Saturday, January 31, 2015

Sensory Navigation

Reoccurring patterns of long-distance travel by migratory animals is a compelling mystery of sensory and behavioral biology.

US Fish & Wildlife Service
Salmon, sharks, elephant seals, and sea turtles traverse oceans swimming thousands of miles before returning to their natal home to breed.

Sea turtle hatchlings emerge from nests in soft coastal sand to begin their fateful trek to the ocean.

Avoiding predators, the waddling hatchlings wade into the ocean.

Beyond the roiling shore break, our intrepid new swimmers set a course toward the open sea. They establish and maintain their bearings long after the sight of land recedes in the distance.
How do turtles navigate with such exactitude?
Damien du Toit
Sea turtles like the loggerhead propel themselves over great expanses of ocean. Young loggerheads navigate more than 9,000 miles in the North Atlantic before returning to their origin.

Year after year, loggerheads follow reoccurring travel patterns seemingly without the aid of navigational reckoning over vast stretches of featureless water.

Following years in the open sea, juveniles find their way to familiar feeding grounds:
... juvenile turtles take up residence in coastal feeding grounds and show great fidelity to their feeding sites, homing back to specific locations after long migrations and experimental displacements. Similar navigational abilities exist in adult turtles, which migrate considerable distances between specific feeding areas and nesting beaches.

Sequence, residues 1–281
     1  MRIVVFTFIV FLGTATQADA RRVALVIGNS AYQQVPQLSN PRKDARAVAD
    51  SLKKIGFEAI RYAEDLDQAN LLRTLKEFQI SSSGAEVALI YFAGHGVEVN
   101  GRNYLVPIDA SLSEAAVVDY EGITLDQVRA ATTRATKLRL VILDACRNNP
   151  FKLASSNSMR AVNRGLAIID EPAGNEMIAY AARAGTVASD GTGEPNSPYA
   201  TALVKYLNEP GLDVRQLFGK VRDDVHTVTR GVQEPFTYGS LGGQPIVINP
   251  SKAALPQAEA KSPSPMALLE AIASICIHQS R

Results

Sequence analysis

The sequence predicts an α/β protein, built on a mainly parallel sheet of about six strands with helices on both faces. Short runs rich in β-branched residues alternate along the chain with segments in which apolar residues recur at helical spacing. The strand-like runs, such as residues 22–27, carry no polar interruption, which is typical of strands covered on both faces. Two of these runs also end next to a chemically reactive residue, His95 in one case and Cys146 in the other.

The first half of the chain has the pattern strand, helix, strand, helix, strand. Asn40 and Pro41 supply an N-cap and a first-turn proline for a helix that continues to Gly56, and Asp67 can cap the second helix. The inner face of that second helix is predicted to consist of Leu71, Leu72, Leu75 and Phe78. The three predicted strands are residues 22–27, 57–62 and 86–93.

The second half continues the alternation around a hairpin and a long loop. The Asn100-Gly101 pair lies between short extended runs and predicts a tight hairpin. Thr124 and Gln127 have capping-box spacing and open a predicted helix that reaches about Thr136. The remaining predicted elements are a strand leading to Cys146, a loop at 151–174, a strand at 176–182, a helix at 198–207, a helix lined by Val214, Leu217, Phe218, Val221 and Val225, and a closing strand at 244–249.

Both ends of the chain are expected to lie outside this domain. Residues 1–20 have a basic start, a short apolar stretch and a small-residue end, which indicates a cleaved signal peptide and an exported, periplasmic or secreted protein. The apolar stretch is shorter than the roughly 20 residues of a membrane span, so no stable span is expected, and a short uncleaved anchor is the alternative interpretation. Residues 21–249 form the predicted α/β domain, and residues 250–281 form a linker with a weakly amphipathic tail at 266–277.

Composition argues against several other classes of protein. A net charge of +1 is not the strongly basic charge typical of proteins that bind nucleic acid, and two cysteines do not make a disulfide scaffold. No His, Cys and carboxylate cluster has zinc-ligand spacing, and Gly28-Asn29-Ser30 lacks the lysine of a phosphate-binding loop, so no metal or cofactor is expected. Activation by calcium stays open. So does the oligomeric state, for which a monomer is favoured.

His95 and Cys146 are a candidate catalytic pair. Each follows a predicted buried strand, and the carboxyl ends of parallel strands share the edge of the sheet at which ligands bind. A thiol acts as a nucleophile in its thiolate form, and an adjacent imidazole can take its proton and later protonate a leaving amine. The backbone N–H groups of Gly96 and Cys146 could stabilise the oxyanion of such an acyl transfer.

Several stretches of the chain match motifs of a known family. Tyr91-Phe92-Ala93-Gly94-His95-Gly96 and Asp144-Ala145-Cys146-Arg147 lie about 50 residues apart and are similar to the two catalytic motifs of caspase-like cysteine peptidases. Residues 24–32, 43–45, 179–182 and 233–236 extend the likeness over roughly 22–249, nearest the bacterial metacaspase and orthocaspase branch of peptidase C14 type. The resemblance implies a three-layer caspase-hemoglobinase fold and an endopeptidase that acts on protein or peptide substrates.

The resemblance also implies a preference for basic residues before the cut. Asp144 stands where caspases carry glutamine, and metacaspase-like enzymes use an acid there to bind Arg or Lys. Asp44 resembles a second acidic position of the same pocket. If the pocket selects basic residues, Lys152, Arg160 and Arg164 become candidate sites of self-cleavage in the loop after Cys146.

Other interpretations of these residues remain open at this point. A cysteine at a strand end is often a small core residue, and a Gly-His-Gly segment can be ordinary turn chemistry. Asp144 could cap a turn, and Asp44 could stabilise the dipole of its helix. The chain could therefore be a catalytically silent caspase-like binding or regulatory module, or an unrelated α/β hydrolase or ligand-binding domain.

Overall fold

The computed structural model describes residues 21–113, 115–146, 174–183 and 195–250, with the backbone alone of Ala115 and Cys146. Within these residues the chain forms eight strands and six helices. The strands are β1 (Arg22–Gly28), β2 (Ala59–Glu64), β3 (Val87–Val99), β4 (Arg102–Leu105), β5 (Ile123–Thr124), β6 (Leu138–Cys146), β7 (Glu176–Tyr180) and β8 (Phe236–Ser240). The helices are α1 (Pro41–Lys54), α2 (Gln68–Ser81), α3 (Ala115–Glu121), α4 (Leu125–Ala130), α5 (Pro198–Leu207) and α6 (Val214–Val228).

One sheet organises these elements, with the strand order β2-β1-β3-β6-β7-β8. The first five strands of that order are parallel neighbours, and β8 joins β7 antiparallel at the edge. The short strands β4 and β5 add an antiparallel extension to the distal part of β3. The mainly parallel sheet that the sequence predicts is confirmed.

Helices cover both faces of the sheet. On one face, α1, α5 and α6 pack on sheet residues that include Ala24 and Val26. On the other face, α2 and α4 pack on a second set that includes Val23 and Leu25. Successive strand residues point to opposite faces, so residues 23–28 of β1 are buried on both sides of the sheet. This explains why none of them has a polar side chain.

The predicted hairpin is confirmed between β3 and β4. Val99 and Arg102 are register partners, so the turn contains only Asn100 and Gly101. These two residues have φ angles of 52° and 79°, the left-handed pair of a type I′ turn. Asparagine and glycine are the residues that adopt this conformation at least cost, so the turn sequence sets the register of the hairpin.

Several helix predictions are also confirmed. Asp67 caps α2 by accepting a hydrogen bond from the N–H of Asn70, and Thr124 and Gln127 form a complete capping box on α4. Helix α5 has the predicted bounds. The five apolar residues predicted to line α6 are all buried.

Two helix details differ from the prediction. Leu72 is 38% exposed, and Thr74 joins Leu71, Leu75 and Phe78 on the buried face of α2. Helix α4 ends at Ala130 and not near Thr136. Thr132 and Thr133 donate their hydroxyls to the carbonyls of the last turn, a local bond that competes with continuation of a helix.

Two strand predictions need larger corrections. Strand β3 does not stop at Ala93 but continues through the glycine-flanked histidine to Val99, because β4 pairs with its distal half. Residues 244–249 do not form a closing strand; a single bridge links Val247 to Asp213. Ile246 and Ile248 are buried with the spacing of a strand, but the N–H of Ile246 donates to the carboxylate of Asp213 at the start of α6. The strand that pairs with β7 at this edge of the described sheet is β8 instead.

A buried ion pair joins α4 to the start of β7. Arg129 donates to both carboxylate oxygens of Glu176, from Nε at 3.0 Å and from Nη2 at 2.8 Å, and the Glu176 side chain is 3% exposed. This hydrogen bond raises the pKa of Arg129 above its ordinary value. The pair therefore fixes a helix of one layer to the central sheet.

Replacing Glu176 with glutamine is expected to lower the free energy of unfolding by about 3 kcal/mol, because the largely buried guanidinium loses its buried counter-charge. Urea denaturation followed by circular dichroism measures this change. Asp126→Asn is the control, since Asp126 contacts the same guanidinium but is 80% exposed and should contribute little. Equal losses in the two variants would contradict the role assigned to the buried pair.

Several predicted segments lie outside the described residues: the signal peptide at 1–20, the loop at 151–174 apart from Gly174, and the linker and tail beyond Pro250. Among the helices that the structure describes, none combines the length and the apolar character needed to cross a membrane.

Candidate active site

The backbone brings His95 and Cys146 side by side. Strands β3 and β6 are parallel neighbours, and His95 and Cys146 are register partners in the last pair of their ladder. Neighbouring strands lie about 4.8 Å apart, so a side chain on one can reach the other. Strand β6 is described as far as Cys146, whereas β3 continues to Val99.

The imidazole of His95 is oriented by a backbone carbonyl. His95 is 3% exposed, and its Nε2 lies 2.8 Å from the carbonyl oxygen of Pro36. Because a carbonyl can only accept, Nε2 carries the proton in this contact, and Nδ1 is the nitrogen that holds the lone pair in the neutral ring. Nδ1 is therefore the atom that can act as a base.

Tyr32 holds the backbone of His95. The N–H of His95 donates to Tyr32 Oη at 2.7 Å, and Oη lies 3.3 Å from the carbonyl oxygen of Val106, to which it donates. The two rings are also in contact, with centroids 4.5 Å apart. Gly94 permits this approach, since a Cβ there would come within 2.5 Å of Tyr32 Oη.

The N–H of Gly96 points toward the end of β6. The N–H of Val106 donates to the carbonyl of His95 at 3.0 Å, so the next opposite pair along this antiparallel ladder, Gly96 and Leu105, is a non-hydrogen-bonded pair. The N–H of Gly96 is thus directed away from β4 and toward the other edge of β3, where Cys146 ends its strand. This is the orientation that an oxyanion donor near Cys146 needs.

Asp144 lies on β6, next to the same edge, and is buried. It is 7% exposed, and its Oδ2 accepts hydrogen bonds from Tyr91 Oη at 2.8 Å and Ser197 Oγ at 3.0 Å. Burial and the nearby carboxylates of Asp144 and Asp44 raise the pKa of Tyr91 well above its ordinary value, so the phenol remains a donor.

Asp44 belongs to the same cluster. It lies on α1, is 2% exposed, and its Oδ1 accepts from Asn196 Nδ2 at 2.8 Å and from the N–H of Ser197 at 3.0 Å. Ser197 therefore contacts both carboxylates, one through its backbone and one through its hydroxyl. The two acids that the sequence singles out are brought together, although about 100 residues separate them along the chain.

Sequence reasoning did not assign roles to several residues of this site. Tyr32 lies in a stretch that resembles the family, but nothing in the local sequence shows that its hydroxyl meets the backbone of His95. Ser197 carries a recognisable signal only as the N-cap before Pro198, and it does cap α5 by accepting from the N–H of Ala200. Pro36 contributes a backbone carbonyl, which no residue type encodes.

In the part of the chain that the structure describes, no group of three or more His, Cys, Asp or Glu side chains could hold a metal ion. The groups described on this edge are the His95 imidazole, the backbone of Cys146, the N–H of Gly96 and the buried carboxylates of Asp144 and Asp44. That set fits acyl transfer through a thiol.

Lohmann Lab, University of North Carolina, Chapel Hill
Marine biologists postulate that sea turtles use Earth's magnetic field as a navigational aid. Two magnetic elements, inclination angle and intensity, vary across the globe creating geomagnetic signatures for geographic areas.

Lohmann, et al hypothesize that loggerhead hatchlings remember the signature of the magnetic field of their breeding ground then use this geomagnetic imprinting as a homing cue.

Brothers and Lohmann analyzed 19 years of loggerhead nesting data on Florida's east coast.
"We reasoned that if turtles use the magnetic field to find their natal beaches, then naturally occurring changes in the Earth's field might influence where turtles nest."
— J. Roger Brothers
Brothers and Lohmann found correlation between the locations of loggerhead nests over time and known shifts in the geomagnetic field.
"People have been on earth in our present form for only about 100,000 years, and in so many ways we’re still ironing out our kinks. These turtles we’ve been traveling with, they outrank us in longevity, having earned three more zeros than we. They’ve got one hundred million years of success on their resume, and they’ve learned something about how to survive in the world.
...What turtles could learn from us, I can’t quite imagine.”

― Carl Safina, Voyage of the Turtle